As is usual with this and other species of Ortalis, I saw a group of a dozen or so that clambered and clucked their way through the low, dense vegetation. When birding in Costa Rica, you might run into this species at any number of humid lowland, second growth sites and is a good bird to watch for around lodges or while driving through this type of habitat. Note that this species is rare at Carara and is mostly found in the more humid forest of the hills above the national park (accessible along the road to Bijagual).

These chachalacas look slanted because I took these pictures from inside a car. We were driving near Arenal, pulled over upon seeing these, and as traffic sped by, managed a few digiscoped images.

Plain Chachalaca: If you saw those chachalacas at feeders in Texas, this is the same species. In Costa Rica, it’s pretty local but regular around Montezuma and other hilly areas with patches of humid forest on the Nicoya Peninsula. In general, it’s easier to see in southern Texas and eastern Mexico than in Costa Rica and has the same habits as the Gray-headed Chachalaca. No pics of this one!

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Birding Costa Rica Introduction south pacific slope

The new road to Caldera in Costa Rica is finally open

It was thirty years in the making, but the new road to the coast is finally open in Costa Rica! If the world ends in 2012 as the Mayans predicted, then at least we have two years to zoom back and forth between the crowded Central Valley and the open space of the hot central Pacific coast of Costa Rica. This road has been talked about for so long in Costa Rica that it became legendary long before any of its asphalt was mixed.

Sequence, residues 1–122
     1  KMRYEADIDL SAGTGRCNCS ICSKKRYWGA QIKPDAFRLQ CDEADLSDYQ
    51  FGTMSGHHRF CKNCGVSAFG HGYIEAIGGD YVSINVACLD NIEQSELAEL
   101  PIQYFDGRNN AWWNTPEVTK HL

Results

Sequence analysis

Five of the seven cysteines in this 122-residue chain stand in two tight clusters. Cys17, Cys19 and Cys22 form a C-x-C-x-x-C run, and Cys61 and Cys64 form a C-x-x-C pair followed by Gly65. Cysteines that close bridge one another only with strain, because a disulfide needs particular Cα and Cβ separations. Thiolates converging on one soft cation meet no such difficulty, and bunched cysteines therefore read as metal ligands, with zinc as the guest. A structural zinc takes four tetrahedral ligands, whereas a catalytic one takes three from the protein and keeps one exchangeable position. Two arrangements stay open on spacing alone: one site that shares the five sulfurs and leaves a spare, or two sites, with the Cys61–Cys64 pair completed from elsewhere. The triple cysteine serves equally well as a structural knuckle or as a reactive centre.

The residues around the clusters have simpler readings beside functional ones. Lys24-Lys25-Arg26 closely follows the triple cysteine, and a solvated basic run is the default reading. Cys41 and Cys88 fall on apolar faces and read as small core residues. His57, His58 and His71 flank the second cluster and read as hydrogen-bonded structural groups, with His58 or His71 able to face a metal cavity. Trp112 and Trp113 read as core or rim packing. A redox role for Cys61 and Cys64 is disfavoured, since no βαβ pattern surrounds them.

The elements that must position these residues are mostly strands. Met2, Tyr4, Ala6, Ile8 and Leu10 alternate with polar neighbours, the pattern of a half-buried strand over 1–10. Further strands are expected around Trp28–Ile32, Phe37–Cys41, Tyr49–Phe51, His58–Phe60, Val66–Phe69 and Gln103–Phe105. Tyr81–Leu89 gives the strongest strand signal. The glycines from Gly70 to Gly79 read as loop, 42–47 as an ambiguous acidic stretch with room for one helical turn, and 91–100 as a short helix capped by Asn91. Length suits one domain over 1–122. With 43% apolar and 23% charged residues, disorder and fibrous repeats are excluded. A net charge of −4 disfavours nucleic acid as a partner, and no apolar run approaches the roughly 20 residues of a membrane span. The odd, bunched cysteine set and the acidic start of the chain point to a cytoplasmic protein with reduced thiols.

People have been saying things like:

“It’s going to take thirty minutes to get to the coast from San Jose”!

“THE ROAD is going to have four lanes the entire way”!

“It will be like taking a thruway in the states”!

“It will be a straight route to the coast”!

“I can see a Royal Flycatcher half an hour after leaving San Jose”!

Ok, that last one was what I had been thinking but in any case, all of us in Costa Rica have been very excited about the opening of the road. In fact, we were so excited that Janet Peterson (a fellow birding friend) and I decided to check out the road last Sunday.

We weren’t the only ones.

Even though we left pretty early, a variety of cars joined us to check out the new road. There were old, slow cars born in the 70s that like mechanical family patrons, carried entire families to the promising coast. There were new SUVs that zoomed along like tanks (and like tanks threatened to drive over the older, slower, smaller vehicles). There were small buses filled with local tourists as well as what appeared to be school buses (because of their size and the fact that they were filled with students). Taking into account the number of break-downs, it was apparent that a lot of these cars hadn’t been out of the garage or front yard for some time. It was one last hurrah for them before heading to the junkyard I suppose.

Translated from the mechanical Spanish, “Please, just one last trip along the new road. I just want my tires to experience one last smooth, pot-hole-less ride before I blow a final gasket (cough, cough)”.